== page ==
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Capital Punishment

  • Date Submitted: 05/01/2011 03:36 AM
  • Flesch-Kincaid Score: 46.1 
  • Words: 257
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Everyone has an inalienable human right to life, even those who commit murder; sentencing a person to death and executing them violates that right.

This is very similar to the 'value of life' argument, but approached from the perspective of human rights.

The counter-argument is that a person can, by their actions, forfeit human rights, and that murderers forfeit their right to life.

Another example will make this clear - a person forfeits their right to life if they start a murderous attack and the only way the victim can save their own life is by killing the attacker.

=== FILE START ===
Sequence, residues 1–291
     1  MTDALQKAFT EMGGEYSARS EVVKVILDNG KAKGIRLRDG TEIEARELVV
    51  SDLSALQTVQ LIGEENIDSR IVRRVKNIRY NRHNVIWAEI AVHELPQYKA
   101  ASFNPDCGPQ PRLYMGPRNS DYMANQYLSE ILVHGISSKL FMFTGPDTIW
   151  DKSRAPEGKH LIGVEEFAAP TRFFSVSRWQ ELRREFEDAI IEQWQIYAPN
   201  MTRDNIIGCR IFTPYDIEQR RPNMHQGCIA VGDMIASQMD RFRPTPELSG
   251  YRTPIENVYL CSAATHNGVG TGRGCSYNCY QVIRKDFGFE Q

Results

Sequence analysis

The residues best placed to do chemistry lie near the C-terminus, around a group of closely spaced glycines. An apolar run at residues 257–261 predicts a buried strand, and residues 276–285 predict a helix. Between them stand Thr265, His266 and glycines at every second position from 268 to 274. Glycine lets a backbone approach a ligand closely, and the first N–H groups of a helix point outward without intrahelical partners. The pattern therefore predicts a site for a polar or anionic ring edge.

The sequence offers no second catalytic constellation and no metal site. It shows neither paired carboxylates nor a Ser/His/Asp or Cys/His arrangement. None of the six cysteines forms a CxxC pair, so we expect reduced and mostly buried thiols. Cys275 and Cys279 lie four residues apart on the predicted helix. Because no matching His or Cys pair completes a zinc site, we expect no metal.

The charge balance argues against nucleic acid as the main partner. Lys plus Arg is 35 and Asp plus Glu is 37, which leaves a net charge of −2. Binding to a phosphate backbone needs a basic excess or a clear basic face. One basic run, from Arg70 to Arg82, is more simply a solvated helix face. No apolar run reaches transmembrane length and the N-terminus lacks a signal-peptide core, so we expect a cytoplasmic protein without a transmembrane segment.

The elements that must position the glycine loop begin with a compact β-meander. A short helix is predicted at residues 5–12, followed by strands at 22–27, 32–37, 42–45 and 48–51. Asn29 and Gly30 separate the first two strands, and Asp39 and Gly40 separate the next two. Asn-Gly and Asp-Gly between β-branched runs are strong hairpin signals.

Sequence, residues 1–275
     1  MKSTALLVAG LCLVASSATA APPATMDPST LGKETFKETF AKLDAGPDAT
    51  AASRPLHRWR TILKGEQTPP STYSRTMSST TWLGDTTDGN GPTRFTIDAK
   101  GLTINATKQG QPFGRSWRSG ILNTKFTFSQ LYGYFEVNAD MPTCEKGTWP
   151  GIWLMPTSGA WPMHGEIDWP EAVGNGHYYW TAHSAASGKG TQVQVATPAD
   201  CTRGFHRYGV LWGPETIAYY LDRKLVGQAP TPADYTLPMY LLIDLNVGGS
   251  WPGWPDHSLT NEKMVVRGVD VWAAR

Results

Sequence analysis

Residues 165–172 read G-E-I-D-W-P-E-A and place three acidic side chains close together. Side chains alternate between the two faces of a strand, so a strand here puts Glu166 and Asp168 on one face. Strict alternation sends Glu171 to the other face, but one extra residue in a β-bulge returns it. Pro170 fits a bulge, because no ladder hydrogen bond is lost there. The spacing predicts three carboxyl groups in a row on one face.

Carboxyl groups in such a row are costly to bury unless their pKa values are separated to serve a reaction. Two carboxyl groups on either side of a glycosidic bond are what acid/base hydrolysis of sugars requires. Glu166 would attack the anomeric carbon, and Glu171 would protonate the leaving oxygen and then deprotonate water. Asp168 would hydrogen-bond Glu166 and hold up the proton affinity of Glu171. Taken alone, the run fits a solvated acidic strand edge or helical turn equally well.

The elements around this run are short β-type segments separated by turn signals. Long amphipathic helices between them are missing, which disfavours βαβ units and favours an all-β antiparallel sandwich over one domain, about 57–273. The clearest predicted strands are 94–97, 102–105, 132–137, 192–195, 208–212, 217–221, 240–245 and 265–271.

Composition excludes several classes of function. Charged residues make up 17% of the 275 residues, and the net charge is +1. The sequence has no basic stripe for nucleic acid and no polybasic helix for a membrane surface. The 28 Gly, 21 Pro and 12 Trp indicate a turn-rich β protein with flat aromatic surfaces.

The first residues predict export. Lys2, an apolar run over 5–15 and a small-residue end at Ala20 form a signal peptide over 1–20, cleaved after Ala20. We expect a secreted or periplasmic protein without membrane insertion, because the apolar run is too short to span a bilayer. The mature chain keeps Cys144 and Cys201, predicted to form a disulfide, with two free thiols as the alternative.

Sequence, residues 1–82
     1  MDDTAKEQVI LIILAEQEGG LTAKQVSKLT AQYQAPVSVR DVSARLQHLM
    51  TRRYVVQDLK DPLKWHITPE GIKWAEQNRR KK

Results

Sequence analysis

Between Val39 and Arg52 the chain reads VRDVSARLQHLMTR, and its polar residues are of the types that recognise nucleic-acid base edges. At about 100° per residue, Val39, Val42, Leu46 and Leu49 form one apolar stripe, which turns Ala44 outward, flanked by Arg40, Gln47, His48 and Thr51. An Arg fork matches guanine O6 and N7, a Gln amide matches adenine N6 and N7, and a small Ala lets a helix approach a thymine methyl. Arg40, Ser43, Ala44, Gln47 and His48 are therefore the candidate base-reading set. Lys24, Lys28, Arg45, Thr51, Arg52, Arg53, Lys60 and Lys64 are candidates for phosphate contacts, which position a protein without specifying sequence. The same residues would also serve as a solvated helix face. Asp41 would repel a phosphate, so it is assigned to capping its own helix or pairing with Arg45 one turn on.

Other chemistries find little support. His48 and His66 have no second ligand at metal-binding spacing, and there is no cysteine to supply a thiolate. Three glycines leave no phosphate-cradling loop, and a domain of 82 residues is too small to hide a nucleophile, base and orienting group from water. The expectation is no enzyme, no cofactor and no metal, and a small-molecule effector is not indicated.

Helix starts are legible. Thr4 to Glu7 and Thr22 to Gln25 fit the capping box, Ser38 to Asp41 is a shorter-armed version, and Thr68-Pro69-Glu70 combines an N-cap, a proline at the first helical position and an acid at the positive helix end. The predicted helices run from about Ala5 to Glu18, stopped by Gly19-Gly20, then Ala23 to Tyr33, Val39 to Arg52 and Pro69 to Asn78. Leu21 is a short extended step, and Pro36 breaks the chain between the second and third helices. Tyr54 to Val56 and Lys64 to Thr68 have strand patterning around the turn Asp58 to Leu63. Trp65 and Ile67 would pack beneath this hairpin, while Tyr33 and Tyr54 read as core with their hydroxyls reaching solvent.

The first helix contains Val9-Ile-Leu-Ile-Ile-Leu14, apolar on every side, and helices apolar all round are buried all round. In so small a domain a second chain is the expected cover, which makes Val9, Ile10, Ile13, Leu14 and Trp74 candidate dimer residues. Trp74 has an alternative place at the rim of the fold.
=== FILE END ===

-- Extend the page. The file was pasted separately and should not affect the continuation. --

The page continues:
Execution of the innocent

The most common and most cogent argument against capital punishment is that sooner or later, innocent people will get killed, because of mistakes or flaws in the justice system.

Witnesses, (where they are part of the process), prosecutors and jurors can all make mistakes. When this is coupled with flaws in the system it is inevitable that innocent people will be convicted of crimes. Where capital punishment is used such mistakes cannot be put right.

Vengeance

The main argument that retribution is immoral is that it is just a sanitised form of vengeance. Scenes of howling mobs attacking prison vans containing those accused of murder on their way to and from court, or chanting aggressively outside prisons when an offender is being executed, suggest that vengeance remains a major ingredient in the public popularity of capital punishment.

But just retribution, designed to re-establish justice, can easily be distinguished from vengeance and vindictiveness.

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